[Edu-sig] Tips for wandering faculty
kirby.urner at gmail.com
Wed Apr 26 20:35:39 CEST 2006
> Personally I wish *I* could be insulated from more of this; leaky and
> imperfect systems make this impossible at the moment. A strong
> abstraction is great -- at some point you may need to understand what
> that abstraction is built on, but even then it is nice to be able to
> retreat back into the abstraction so you can focus on what's really
> interesting and new that you are doing.
That's nice if you're not just into escapist fantasy. Great to bliss
out in a well-designed and productive environment, no one arguing with
that. But that's no excuse for keeping kids clueless too long.
> There's a bunch of examples of this which I think are uncontroversial.
> Things like GC, pointers, characters (which are missing in Python),
> TCP/IP (which few people access directly anymore), the underlying
> mechanisms of threads and processes, and a bunch of other things that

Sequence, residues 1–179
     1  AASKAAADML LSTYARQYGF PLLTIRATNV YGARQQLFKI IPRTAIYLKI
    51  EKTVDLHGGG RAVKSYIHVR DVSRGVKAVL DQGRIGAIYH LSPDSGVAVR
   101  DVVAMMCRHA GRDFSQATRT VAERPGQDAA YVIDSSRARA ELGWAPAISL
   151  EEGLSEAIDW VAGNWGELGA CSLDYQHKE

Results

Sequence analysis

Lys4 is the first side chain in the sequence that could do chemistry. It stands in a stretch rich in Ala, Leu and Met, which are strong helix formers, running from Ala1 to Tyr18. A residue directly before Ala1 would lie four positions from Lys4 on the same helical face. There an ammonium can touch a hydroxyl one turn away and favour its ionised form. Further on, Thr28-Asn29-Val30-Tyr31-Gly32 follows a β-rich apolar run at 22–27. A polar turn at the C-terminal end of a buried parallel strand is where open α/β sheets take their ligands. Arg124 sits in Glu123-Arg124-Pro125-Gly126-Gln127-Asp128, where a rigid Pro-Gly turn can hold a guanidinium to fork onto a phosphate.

> are so basic I have a hard time remembering they exist.
We use 'Warriors of the Net' (a movie) to introduce TCP/IP (by "we" I
mean the Silicon Forest based educators I work with). It makes as
much sense to start with TCP/IP as it does with RAM and CPU in some
ways. It's easy to look at processes through any kind of task manager
(bash or Windows, doesn't matter).
Learning to kill a process is pretty basic. I'll have kids start 'em
just to kill 'em. They enjoy the sense of power this gives them.
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